Science Fiction & Fantasy Book Reviews (page 412)

MEMORIES OF THE SPACE AGE by J.G. Ballard
SCIENCE FICTION & FANTASY
Released: Dec. 30, 1988

"Worthwhile, certainly, but more variety would have served this fine writer more justly."
Eight stories, 1962-85, exploring what Ballard views as a grandiose and mesmerizing yet ill-judged and ultimately doomed enterprise: the manned exploration of space. Read full book review >
AZAZEL by Isaac Asimov
SCIENCE FICTION & FANTASY
Released: Nov. 1, 1988

"Harmless, vaguely amusing froth."
Eighteen lightweight stories, 1982-88, plus one original, about Azazel—the grumpy, egotistical, two-centimeter-tall demon that only pompous, tightfisted linguist George Bitternut knows how to conjure up. Read full book review >

NIGHTMARES IN THE SKY by Stephen King
SCIENCE FICTION & FANTASY
Released: Oct. 7, 1988

"What stands out here, though, are Fitzgerald's 100 black-and white and 24 color photographs of the gargoyles perched high above New York and other East Coast cities—forceful, mournful, frightening depictions in light, shadow, and color of these usually unnoticed symbols of darkness."
A striking collaboration between King and photographer f-stop Fitzgerald, whose stark photographs of city gargoyles are what the Maine horror master ponders upon in a lengthy introductory essay. Read full book review >
ETERNITY by Greg Bear
SCIENCE FICTION & FANTASY
Released: Oct. 3, 1988

"Another disappointment: the ideas are there, the discipline isn't."
Sequel to Eon (1985), exceedingly hard to follow if you haven't read the original or don't recall precisely what occurred therein. Read full book review >
THE GUNSLINGER (THE DARK TOWER, BOOK 1) by Stephen King
SCIENCE FICTION & FANTASY
Released: Sept. 28, 1988

"Heavy, real heavy—as sales undoubtedly will be too."
Begun by King while at college in 1970; serialized episodically in The Magazine of Fantasy and Science Fiction, 1978-1981; printed in limited-editon hardcover, 1982: this King novelty at last achieves mass publication. Read full book review >

LIBRA by Don DeLillo
FICTION & LITERATURE
Released: Aug. 15, 1988

"But these are flaw-specks in a book that is genuinely dread-filled—a story that everyone knows he doesn't really know, and which DeLillo worries, and prods, and deepens with sure artistry."
DeLillo's fascination with conspiracy, apocalypse, and public events—tesselated from a hundred chips of separate, small human misery—turns to the Kennedy assassination almost inevitably. Read full book review >
NIGHT VISIONS 5 by Stephen King
FICTION & LITERATURE
Released: July 1, 1988

"And reader—a more sophisticated horror collection by far lurks in the forthcoming Prime Evil (p. 570)."
Seven old-fashioned, mostly dead-weight horror tales by three high-profde monster-mongers; only Martin's closing—and rousing—werewolf novella saves this collection from the Hall of Shame. Read full book review >
CONSIDER PHLEBAS by Iain M. Banks
SCIENCE FICTION & FANTASY
Released: May 3, 1988

"Overextended and jarring, then, but imaginative and gripping in places."
From the author of The Wasp Factory and Walking on Glass: a voluminous, sometimes exciting space-opera where character motivations are the most troubling of several knotty problems. Read full book review >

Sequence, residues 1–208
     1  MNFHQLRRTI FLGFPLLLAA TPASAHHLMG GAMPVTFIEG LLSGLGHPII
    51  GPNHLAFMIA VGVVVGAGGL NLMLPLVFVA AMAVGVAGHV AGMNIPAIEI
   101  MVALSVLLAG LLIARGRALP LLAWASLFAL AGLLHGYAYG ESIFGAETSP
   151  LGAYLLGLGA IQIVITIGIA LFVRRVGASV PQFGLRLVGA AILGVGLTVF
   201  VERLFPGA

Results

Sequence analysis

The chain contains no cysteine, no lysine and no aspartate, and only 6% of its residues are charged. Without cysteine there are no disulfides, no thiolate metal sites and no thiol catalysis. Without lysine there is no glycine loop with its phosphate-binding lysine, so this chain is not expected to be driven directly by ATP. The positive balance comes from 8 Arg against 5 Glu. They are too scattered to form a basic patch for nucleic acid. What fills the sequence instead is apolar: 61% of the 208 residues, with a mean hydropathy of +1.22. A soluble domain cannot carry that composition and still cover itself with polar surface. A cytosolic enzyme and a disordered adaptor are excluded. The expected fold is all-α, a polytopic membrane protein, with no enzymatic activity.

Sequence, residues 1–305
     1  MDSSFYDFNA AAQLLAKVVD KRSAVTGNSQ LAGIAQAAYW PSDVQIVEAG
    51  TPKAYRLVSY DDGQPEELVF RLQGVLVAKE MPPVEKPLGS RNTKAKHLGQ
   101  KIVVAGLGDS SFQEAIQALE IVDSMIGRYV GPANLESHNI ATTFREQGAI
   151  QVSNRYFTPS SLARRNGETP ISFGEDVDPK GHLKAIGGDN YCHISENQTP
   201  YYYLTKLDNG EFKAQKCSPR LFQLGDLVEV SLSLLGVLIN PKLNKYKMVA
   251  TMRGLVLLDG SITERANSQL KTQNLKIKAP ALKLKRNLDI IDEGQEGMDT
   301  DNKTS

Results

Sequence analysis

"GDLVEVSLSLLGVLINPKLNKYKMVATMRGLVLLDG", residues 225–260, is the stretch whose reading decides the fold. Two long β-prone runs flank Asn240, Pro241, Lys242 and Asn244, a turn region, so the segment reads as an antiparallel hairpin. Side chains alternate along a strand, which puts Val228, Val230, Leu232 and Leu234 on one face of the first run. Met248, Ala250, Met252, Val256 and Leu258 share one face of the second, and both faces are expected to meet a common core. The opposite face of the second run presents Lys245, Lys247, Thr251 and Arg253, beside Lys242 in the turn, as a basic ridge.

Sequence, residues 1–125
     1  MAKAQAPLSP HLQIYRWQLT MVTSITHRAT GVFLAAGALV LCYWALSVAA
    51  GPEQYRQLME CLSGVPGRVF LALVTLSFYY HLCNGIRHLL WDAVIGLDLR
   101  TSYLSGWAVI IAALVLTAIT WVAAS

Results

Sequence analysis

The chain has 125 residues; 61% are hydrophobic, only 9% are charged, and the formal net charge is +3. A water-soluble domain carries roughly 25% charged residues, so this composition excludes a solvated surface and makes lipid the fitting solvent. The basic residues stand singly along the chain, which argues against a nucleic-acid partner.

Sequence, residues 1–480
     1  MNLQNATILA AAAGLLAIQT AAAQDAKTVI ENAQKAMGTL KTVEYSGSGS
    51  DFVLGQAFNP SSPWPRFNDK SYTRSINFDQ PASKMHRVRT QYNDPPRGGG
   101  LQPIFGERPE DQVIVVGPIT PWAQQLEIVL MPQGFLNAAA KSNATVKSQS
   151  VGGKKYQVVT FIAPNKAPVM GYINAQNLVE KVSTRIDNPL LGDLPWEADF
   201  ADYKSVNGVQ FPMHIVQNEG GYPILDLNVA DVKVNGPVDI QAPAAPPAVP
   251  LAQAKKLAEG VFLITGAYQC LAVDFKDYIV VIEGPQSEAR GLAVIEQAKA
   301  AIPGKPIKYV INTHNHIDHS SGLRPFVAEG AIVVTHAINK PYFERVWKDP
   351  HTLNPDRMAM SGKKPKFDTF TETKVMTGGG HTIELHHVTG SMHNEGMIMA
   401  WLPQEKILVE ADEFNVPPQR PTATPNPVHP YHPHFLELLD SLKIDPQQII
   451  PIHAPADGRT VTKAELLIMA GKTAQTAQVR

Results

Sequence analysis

FANTASTIC VOYAGE II by Isaac Asimov
SCIENCE FICTION & FANTASY
Released: Sept. 18, 1987

"It slips down easily enough but leaves no lingering impression."
Not a sequel to the original Fantastic Voyage (a 1966 movie novelization), which Asimov chooses to ignore completely; the upshot isn't too much more than a sclerotically talky retread. Read full book review >
SONGS OF DISTANT EARTH by Arthur C. Clarke
SCIENCE FICTION & FANTASY
Released: April 12, 1987

"Still, there's much to admire here—not least Clarke's dream of civilization without fossilized hatreds and violence—and his vast audience won't be disappointed."
A short story that first appeared in 1958, expanded and polished to a high gloss. Read full book review >
2061 by Arthur C. Clarke
SCIENCE FICTION & FANTASY
Released: Jan. 1, 1987

"Indeed, Clarke, with an absorbing blend of scientific extrapolation and events that generate their own tension, has returned to something like Vintage form after years in the fictional doldrums."
Clarke's Odyssey yarns, like Herbert's Dune and Asimov's Foundation, have been self-perpetuating if, thus far, unimpressive. Read full book review >
THE BEST SCIENCE FICTION OF ISAAC ASIMOV by Isaac Asimov
FICTION & LITERATURE
Released: Aug. 15, 1986

"Still, Asimovophiles will probably relish the cozy geniality of it all, and some curious browsers may be attracted too."
Twenty-eight tales, 1951-80, chosen by Asimov himself; excluded are the robot yarns (The Complete Robot, 1982), and "Nightfall," his best-known story. Read full book review >
Kirkus Interview
Katey Sagal
author of GRACE NOTES
April 10, 2017

In her memoir Grace Notes, actress and singer/songwriter Katey Sagal takes you through the highs and lows of her life, from the tragic deaths of her parents to her long years in the Los Angeles rock scene, from being diagnosed with cancer at the age of twenty-eight to getting her big break on the fledgling FOX network as the wise-cracking Peggy Bundy on the beloved sitcom Married…with Children. Sparse and poetic, Grace Notes is an emotionally riveting tale of struggle and success, both professional and personal: Sagal’s path to sobriety; the stillbirth of her first daughter, Ruby; motherhood; the experience of having her third daughter at age 52 with the help of a surrogate; and her lifelong passion for music. “While this book is sure to please the author’s many fans, its thoughtful, no-regrets honesty will no doubt also appeal to readers of Hollywood memoirs seeking substance that goes beyond gossip and name-dropping,” our critic writes. “A candid, reflective memoir.” View video >